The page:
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NICHE graduates first class in special geriatric program

A geriatric program for long-term care nursing staff recently celebrated success after graduating its first class in Tulsa, Okla. The program, created through a partnership with Tulsa-based Saint Francis Hospital and two Tulsa nursing homes, provides geriatric training to RNs as well as LTC non-clinical staff, certified nurse aides and certified medication aides using the Nurses Improving Care for Healthsystem Elders model, according to a news release. Based at NYU College of Nursing, NICHE is a nurse-driven program established to help hospitals improve the care of older adults.

Oklahoma’s program, with 86 graduates, was created through an Oklahoma State Department of Health Grant to fund the formation of the first geriatric education program for nursing home staff, according to a February NICHE news release. The NICHE model focuses on early recognition of geriatric syndromes and chronic diseases in the frail older adult, the release said, and the Oklahoma education project was formed with NICHE resources, including the Introduction to Gerontology course, Geriatric Resource Nurse curriculum, Geriatric Patient Care Associate course and the Long Term Care Geriatric Institutional Assessment Profile benchmarking tool, the news release said.

“This has been a tremendous opportunity to watch the growth of students who have not had a chance to study gerontology and how aging affects the older adult,” Joanne Alderman, MSN, APRN-CNS, RN-BC, FNGNA, grant project director and manager of geriatric collaborative care nursing services in Tulsa, said in the news release. “Their responses demonstrate a new mindset about the aging process and attitude toward care of the older adult.”

Alderman believes embedding the NICHE program with the clinical concept of mentoring preceptorship will give long-term care nursing staff an in-depth, evidenced-based education in geriatric nursing to provide quality care for patients.

A NICHE-designated facility, Saint Francis Hospital is sponsoring Oklahoma Methodist Manor and Tulsa Jewish Retirement and Health Care — the two Oklahoma nursing homes involved in the program.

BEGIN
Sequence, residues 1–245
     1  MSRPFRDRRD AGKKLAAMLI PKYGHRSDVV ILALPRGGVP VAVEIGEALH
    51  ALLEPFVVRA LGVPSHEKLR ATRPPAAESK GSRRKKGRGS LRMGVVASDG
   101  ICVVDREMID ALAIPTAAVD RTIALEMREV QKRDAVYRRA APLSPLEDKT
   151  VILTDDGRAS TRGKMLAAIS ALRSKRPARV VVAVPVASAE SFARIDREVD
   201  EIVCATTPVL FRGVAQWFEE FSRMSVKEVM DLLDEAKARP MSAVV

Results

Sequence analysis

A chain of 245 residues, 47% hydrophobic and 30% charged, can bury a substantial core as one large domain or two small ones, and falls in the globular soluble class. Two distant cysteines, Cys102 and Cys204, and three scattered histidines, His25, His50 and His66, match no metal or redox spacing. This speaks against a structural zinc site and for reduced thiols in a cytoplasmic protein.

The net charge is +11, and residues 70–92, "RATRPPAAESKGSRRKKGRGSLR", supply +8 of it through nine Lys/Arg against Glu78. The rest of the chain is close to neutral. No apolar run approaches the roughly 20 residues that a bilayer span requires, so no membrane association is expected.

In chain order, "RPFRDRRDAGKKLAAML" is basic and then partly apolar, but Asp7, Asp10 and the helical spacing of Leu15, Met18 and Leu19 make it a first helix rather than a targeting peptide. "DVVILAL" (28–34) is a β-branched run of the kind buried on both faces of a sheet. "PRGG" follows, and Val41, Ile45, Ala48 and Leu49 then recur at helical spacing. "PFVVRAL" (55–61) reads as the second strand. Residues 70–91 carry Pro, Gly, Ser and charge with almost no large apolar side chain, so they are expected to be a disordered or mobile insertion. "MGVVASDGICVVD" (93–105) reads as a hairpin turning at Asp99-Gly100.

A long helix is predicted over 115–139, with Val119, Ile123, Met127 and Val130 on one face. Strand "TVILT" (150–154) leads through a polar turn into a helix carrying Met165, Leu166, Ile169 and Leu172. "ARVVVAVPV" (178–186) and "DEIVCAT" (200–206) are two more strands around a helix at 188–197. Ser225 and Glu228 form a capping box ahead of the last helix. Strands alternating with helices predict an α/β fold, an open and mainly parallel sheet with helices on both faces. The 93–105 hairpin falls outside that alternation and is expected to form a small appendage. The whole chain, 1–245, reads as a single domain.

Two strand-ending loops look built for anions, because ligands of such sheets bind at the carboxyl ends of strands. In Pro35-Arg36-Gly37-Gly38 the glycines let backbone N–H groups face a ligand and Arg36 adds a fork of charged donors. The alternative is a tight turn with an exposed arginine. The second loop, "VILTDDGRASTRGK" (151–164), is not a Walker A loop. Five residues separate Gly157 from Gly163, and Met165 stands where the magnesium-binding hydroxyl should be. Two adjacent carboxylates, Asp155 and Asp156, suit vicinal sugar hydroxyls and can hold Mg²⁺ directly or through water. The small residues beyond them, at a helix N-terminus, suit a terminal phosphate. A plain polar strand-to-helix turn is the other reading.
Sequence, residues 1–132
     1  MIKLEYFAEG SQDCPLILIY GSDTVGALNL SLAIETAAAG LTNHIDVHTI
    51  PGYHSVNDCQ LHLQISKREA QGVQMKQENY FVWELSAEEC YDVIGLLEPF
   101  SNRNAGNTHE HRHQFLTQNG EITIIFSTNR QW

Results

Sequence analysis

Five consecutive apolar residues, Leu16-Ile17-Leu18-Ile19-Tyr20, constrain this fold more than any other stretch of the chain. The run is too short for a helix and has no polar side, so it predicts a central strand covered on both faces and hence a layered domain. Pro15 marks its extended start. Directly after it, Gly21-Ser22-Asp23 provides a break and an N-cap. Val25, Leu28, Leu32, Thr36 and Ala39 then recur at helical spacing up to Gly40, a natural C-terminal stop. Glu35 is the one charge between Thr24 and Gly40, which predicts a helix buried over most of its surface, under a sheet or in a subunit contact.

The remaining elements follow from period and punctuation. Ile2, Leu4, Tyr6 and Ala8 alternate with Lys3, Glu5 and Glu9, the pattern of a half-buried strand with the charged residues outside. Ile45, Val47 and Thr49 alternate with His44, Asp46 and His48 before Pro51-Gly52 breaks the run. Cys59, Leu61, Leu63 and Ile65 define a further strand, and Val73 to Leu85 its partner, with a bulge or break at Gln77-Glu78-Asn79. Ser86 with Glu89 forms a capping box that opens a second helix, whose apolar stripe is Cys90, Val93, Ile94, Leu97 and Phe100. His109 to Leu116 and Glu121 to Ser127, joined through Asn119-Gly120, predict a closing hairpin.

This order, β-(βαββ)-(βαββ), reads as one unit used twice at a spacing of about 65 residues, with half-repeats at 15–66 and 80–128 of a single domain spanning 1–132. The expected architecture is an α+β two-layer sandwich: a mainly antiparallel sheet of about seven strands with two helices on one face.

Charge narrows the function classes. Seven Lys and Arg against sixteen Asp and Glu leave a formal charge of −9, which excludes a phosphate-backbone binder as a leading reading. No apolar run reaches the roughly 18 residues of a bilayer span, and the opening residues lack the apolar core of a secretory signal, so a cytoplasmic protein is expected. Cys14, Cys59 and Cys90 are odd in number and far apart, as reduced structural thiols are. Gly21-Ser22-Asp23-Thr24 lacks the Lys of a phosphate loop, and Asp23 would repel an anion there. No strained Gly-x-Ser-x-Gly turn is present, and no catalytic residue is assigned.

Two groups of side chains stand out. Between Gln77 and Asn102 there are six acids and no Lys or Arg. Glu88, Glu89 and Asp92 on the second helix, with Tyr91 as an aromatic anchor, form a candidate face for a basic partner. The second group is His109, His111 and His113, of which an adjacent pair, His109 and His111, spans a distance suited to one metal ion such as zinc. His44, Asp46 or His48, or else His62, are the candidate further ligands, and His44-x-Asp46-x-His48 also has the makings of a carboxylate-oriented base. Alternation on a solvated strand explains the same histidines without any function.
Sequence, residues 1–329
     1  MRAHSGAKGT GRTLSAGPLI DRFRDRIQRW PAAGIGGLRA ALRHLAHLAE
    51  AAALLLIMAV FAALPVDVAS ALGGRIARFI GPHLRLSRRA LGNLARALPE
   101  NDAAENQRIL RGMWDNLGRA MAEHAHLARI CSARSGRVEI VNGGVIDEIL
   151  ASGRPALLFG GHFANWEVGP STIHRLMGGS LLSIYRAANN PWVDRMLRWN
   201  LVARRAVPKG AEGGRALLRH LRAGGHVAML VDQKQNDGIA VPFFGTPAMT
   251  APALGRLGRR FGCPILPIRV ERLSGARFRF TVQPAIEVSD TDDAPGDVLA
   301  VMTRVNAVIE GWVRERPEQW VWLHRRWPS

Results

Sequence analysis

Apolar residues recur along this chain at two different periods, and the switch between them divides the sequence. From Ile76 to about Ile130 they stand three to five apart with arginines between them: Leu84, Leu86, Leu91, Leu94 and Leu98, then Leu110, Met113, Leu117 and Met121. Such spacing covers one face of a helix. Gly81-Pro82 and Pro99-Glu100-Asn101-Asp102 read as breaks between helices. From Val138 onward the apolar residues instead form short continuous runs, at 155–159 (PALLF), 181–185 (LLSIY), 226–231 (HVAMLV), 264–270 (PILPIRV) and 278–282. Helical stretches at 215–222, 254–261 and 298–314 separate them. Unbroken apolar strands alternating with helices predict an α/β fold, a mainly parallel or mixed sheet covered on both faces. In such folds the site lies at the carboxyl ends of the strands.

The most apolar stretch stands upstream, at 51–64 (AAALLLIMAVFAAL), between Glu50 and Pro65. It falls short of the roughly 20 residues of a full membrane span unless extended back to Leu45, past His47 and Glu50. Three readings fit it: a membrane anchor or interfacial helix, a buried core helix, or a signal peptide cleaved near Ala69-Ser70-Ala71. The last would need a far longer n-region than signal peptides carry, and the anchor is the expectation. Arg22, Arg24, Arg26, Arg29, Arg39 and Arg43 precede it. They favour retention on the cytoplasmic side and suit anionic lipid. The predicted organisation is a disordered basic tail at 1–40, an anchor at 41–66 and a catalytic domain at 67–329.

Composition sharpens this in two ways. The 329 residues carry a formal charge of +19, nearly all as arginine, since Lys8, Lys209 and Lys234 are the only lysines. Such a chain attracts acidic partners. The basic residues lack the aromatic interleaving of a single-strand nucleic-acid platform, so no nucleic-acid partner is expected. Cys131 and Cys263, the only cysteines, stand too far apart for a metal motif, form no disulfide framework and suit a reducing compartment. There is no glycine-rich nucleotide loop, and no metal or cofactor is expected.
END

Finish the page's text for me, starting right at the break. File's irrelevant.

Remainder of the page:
Among the expected outcomes of having a geriatric program of this scope in Oklahoma according to a February news release are:
• 90% of nursing staff will complete the NICHE-based training with an 80% post-test score.
• Nursing homes will have a NICHE steering committee, a NICHE coordinator and a core group of Geriatric Resource Nurses and CNA champions.
• Program participants will articulate knowledge/skills to other long term care staff and demonstrate how the information improves resident outcomes.
Although the Tulsa program is the first of its kind in the nation, the NICHE network includes more than 620 hospitals and healthcare facilities in the U.S., Canada, Bermuda and Singapore, according to the NICHE website.

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By | 2020-04-15T16:19:31-04:00 October 30th, 2015|Categories: Nursing news|1 Comment

About the Author:

Sallie Jimenez
Sallie Jimenez is content manager for healthcare for Nurse.com from Relias. She develops and edits content for the Nurse.com blog, which covers industry news and trends in the nursing profession and healthcare. She also develops content for the Nurse.com Digital Editions. She has more than 25 years of healthcare journalism, content marketing and editing experience.

One Comment

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    Joanne Alderman,MS-N,APRN-CNS,RN-BC,FNGNA November 3, 2015 at 9:33 pm - Reply

    To Nurse.Com, Thank you for posting this story on your page. I began our presentation to the National Gerontological Nursing Association (NGNA) with “Let us tell you a story…” By combining our education sessions with two hours of transitioning the classroom EBP to the bedside for each student on all three shifts, we watched how the departments of nursing (RNs, LPNs, CNAs, CMAs) transitioned their gerontological nursing knowledge to the bedside and made a difference in the care of their residents in LTC and Skilled Units/Households. The Quality Indicators from both Nursing Homes reflected the changes that were occurring.
    Thank you again for giving us an opportunity to share,
    Joanne

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